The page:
It started with this Tweet
William Perrin @willperrin
RT @getgood: RT @arogozinska: Following #hyperlocal - why there are so many tweets about making money off it instead of #community spirit...
in which 'hyperlocal' means - well, at least includes - sites such as this. For more, see this posting about a Networked Neighbourhoods 'Unconference' to in 2010, where William Perrin was a leading participant.
To which I replied
Tim Lund @TimLundSE26
@willperrin @getgood @arogozinska - Re #hyperlocal - making money vs. #community spirit? Human nature, maybe?
about which on reflection, I'm not entirely happy - but that's the problem with Twitter - it pushes people into communicating in sound bites. So here, in more than 140 characters ...
First, in the initial Tweet from William Perrin, there's an implied opposition between 'community spirit' and making money. This bothers me, because we all want to make a living, and this sort of opposition sets up anyone who's in business as less worthy than people who can be simply labelled as 'community'. See the point made here:
Austin77 wrote:I find it so strange why some people want to make things difficult for local businesses, they truly are the life blood of the local community.
Second, in my response, blaming 'human nature' is a bit lazy. Human nature is important, but it's not as if there's nothing which can be done with it. To take a Hobbesian view, it's the same human nature which results in a nasty, brutal and short life in the absence of a strong central authority and with it allows the many blessings of civilisation. From a classical liberal perspective, it's the same human nature which with suitable commercial law, suitably enforced, results in the many blessings of commerce. To suggest it's just human nature is unhelpful, even if not actually wrong.
A more constructive response to the original tweet would have been to suggest trying to understand the motivations of successful 'hyperlocal' sites - which I believe this to be. But others may have different views as to whether STF is successful, and so something from which to learn. In my posting from 2010 I picked out this from the 'Unconference' publicity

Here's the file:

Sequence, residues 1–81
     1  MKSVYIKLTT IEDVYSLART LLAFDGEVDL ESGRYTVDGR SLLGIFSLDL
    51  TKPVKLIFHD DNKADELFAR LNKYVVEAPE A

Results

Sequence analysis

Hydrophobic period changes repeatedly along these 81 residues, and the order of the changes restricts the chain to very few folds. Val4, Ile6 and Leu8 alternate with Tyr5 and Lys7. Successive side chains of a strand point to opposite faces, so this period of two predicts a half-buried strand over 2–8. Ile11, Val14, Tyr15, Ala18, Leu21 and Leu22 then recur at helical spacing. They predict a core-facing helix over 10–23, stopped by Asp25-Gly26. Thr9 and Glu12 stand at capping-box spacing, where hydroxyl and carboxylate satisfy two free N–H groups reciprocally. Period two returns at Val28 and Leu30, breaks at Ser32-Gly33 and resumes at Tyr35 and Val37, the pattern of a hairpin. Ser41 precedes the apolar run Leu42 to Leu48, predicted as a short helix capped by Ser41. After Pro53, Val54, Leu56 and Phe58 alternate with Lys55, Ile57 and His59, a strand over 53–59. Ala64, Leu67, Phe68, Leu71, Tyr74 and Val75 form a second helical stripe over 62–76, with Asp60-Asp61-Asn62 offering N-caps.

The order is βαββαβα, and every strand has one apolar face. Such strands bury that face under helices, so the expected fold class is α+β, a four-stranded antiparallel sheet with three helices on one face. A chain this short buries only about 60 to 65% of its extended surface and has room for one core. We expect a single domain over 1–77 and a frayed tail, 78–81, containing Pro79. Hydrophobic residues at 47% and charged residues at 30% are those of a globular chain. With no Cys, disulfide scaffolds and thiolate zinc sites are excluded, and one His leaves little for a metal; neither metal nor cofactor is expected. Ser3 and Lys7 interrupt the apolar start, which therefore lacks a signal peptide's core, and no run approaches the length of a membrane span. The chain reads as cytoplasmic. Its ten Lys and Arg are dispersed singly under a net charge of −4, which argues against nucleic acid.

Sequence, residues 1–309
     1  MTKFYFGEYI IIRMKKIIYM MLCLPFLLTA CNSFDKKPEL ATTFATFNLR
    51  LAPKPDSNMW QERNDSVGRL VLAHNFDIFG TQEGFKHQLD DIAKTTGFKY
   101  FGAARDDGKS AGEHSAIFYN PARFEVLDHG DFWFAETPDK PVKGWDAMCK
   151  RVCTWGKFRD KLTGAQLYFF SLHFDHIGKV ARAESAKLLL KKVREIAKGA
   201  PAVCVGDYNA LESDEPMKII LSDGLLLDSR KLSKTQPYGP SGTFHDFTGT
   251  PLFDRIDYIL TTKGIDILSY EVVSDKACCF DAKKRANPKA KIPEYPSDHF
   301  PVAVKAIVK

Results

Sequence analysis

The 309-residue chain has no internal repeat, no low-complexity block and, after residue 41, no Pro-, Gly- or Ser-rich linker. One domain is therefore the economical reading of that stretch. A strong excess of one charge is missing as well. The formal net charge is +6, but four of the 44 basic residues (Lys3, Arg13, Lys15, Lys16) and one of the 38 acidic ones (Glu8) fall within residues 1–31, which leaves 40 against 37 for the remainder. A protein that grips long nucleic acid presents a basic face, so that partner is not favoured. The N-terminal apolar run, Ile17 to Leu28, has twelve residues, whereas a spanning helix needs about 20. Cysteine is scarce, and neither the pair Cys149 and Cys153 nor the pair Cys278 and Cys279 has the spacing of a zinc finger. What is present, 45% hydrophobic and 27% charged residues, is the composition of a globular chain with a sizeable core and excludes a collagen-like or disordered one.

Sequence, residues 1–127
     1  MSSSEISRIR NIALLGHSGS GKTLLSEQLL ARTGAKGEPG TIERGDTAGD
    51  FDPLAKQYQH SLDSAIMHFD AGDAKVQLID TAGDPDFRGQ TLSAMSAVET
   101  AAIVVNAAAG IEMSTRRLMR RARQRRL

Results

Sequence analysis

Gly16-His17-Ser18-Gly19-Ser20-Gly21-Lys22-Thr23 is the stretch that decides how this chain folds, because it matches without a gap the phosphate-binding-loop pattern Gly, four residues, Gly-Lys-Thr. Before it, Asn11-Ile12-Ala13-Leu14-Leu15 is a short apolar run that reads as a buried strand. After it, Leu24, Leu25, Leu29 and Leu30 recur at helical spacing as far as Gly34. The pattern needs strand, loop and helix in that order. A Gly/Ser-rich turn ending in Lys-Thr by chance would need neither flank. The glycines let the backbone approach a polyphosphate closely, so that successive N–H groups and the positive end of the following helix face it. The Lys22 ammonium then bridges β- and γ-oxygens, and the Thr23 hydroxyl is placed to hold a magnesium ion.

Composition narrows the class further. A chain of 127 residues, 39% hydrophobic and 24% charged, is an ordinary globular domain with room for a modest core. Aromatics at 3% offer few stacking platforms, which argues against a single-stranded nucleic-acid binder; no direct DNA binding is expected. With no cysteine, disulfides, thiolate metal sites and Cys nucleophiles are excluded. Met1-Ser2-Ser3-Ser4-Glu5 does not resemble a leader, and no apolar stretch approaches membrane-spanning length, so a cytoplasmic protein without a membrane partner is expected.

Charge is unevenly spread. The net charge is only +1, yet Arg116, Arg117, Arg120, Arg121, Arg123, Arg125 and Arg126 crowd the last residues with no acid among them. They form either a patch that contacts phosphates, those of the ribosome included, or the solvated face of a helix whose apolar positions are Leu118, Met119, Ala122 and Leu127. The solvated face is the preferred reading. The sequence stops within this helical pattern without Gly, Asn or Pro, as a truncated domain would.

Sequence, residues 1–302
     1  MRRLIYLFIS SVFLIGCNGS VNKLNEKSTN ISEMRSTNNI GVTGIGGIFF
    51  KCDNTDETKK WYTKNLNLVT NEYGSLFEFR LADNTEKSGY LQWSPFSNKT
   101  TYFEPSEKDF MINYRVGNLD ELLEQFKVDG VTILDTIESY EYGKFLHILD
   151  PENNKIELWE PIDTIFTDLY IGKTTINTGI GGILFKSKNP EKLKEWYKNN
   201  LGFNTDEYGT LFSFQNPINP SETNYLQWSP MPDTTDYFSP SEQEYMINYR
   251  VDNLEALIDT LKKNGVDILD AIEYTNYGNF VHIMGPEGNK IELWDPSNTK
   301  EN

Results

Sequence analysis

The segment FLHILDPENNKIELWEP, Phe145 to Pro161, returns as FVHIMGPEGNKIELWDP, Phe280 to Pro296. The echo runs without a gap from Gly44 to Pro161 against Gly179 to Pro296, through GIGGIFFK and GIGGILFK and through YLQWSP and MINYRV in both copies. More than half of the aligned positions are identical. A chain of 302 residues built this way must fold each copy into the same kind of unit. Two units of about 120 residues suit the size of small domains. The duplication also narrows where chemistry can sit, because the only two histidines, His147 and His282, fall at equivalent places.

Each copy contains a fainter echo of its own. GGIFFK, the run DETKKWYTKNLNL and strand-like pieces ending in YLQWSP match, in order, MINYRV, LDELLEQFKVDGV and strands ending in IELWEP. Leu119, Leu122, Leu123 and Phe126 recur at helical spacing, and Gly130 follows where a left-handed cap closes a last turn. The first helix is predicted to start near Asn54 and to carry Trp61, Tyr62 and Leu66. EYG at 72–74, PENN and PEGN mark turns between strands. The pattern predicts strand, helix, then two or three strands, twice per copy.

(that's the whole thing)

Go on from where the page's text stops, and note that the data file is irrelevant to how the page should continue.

What are the policy and practice implications of stimulating local online activity? What are the winning arguments for policy makers to support active citizens and community development workers in getting local sites set up and buzzing? And what would practitioners have to do to make stuff happen?
There is clearly a 'policy maker' agenda here re what 'the community' should be doing. For more on William Perrin's policy maker provenance:
William Perrin (Trustee)
William Perrin is the founder of talk about local a unique public service project (funded by Channel4 and Screen West Midlands) to give people in deprived or isolated communities an online voice they own and run. He has a long track record of community action in London’s deprived Kings Cross neighbourhood. When in the UK civil service, William was Tony Blair’s technology policy advisor in Downing Street, co-authored the ‘Transformational Government’ strategy, commissioned the 2007 Power of Information Review with Fran, was Secretary to the Power of Information Taskforce, ran ‘Show us a Better Way’ one of the first open data competitions and was Chair of the OECD expert group on e-government.